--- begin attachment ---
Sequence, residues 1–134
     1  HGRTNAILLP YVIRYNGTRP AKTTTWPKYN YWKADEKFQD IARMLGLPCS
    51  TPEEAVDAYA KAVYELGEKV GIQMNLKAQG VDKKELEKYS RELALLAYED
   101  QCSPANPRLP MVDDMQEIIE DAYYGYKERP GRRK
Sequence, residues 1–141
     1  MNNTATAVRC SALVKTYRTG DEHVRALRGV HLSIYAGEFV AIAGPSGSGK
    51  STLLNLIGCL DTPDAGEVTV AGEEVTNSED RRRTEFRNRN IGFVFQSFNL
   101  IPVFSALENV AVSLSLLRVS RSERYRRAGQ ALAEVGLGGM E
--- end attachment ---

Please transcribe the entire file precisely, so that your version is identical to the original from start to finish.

Sequence, residues 1–134
     1  HGRTNAILLP YVIRYNGTRP AKTTTWPKYN YWKADEKFQD IARMLGLPCS
    51  TPEEAVDAYA KAVYELGEKV GIQMNLKAQG VDKKELEKYS RELALLAYED
   101  QCSPANPRLP MVDDMQEIIE DAYYGYKERP GRRK
Sequence, residues 1–141
     1  MNNTATAVRC SALVKTYRTG DEHVRALRGV HLSIYAGEFV AIAGPSGSGK
    51  STLLNLIGCL DTPDAGEVTV AGEEVTNSED RRRTEFRNRN IGFVFQSFNL
   101  IPVFSALENV AVSLSLLRVS RSERYRRAGQ ALAEVGLGGM E